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Tuesday, July 7, 2015

A Farmer's Wife's Worries

In high school, a friend of mine used to say, 
"Katie, worrying is like a rocking chair: it gives you something to do but never gets you anywhere."

Well, he was right.  I used to worry all the time and it never got me anywhere.
And I'll admit, I still worry a lot now (thanks to that gene from my mother).
I think it's a natural instinct for women to worry especially for the the women who husbands have one of the most dangerous jobs in our country--working in agriculture. 

The timing of this blog couldn't have been more perfect because yesterday I worried that my husband got into an accident.  He hadn't responded to my text for a few hours and didn't answer my call.  I kept thinking of the rocking chair and just told myself to "get home".  As soon as I thought of something else, he called.  
(This happens every time I worry....)

I worry a little when he checks the cows because you never really know what kind of mood they may be in.  And tonight, he got a call, "the cows are out!"  He dropped his book and ran to check them, leaving me slightly worried. 

I worry about him when he has to check cows and fix their frozen water in below zero temperatures.  And then I worry that he's losing his mind when he comes home from being outside all day and says, "let's make snow!'  

I worry about the test plots they he and his brother plant and that the results will be everything they had hoped for.

I worry when I come home to muck boots and clothes on my back porch and think, 
"what really went down in that pasture today and who won?"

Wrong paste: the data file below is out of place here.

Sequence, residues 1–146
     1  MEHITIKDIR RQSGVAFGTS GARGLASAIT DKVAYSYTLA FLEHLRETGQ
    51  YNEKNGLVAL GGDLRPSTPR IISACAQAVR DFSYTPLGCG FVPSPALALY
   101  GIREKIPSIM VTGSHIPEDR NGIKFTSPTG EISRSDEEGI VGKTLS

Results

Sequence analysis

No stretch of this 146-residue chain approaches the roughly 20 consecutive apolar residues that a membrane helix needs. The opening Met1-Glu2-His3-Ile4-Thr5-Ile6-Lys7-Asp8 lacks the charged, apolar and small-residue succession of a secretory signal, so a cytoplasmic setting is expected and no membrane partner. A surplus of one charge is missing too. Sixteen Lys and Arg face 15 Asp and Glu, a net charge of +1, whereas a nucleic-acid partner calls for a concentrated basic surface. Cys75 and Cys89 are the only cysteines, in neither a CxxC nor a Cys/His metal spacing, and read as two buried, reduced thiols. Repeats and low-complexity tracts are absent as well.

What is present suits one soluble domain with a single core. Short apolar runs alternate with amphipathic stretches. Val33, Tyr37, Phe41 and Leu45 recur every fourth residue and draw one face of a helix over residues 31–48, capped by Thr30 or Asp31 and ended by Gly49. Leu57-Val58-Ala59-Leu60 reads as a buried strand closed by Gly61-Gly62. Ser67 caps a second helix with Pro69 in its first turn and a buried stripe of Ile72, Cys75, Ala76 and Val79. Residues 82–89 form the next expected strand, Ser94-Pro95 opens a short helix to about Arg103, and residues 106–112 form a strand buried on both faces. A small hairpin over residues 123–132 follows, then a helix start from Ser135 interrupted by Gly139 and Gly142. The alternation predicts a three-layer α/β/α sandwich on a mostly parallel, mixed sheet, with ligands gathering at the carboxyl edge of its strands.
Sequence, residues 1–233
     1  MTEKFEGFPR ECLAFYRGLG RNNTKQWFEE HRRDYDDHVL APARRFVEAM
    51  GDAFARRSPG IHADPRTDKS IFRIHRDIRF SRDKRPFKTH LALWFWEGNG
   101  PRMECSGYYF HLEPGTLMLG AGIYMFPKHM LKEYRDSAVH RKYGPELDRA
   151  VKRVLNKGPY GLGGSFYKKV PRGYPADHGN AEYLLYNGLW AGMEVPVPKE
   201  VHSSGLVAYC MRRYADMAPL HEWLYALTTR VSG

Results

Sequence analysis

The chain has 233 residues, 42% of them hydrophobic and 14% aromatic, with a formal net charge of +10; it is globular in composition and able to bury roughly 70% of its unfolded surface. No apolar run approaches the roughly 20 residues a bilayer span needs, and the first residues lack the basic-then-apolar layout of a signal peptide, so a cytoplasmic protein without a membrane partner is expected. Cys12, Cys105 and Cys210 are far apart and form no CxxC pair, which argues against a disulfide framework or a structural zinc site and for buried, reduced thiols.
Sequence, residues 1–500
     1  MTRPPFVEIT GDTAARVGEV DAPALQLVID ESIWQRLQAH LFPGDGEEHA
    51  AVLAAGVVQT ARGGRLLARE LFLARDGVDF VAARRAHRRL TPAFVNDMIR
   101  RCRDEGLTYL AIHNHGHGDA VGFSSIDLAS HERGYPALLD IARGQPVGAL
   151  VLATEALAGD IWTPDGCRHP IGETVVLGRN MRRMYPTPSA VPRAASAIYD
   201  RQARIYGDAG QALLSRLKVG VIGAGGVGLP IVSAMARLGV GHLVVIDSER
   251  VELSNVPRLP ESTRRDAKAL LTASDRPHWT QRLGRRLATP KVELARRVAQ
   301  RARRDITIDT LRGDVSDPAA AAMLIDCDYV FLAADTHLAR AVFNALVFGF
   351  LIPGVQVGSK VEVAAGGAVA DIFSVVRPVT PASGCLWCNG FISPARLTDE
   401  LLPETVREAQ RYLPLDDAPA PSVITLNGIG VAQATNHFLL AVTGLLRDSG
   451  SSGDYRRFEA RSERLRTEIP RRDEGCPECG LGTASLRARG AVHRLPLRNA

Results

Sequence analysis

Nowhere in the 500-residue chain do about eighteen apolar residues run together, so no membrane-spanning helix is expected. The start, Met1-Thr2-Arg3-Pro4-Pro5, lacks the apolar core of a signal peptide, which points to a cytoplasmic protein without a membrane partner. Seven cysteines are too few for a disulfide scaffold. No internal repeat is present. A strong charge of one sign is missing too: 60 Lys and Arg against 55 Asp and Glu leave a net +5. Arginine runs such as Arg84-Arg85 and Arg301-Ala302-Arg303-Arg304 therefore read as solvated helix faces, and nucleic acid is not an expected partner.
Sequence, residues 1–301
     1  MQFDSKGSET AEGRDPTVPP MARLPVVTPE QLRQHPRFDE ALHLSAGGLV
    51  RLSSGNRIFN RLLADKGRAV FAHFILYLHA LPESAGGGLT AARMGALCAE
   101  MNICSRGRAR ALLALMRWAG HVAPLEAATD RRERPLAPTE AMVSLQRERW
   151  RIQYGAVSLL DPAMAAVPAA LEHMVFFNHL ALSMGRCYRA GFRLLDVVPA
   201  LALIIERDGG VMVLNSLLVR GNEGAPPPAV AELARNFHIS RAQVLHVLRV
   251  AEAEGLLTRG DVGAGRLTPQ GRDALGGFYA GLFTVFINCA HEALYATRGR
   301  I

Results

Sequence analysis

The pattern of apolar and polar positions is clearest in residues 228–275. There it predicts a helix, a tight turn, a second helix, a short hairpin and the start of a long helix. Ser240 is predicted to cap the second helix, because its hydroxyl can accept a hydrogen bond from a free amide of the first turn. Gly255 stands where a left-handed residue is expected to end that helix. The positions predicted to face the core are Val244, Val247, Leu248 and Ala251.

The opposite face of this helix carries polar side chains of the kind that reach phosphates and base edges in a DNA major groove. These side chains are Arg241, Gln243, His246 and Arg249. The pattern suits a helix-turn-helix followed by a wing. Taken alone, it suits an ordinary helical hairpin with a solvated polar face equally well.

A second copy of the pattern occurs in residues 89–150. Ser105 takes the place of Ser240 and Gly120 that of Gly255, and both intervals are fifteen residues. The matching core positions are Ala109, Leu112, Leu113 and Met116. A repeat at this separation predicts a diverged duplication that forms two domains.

I worry that the equipment will work when it's supposed to during planting and harvest. 

And when I visit the field I usually worry that they haven't worn sunscreen all day and 
that they don't have anything to drink.  

I worry about if they have eaten enough during the busy times and then scramble to make them meals, then worry if it was enough and if they liked it.

This spring and summer I worried so much about the rain that would never end, that I couldn't sleep at night.
Some nights I went to bed while it was raining and woke up to the same rain pouring down from the sky.  But as I laid in bed, there really was nothing I could do but think about it.  The worry wasn't getting me anywhere.

But mainly I worry that my farmer will get in and out of his tractor safely.  
That he will tend to his land and animals and they will return the favor and care for him too.

I really try not to, but I worry too much (obviously).

My farmer, on the other hand, worries little and assures me everything will be okay in the end--it usually always is.

The best thing about him, is that I really don't need to worry about him 
especially when he still wants to sit in the rocking chairs with me after all that worry.

1 comment:

  1. You’re probably right about being a farmer as one of the most dangerous jobs in the world, but you don’t really have to worry so much about your husband. I mean, of all the people who wants to work in a farm, a farmer like your husband can pull it off best. He knows what he’s doing so just relax.

    Heidi Sutton @ Ag Source Magazine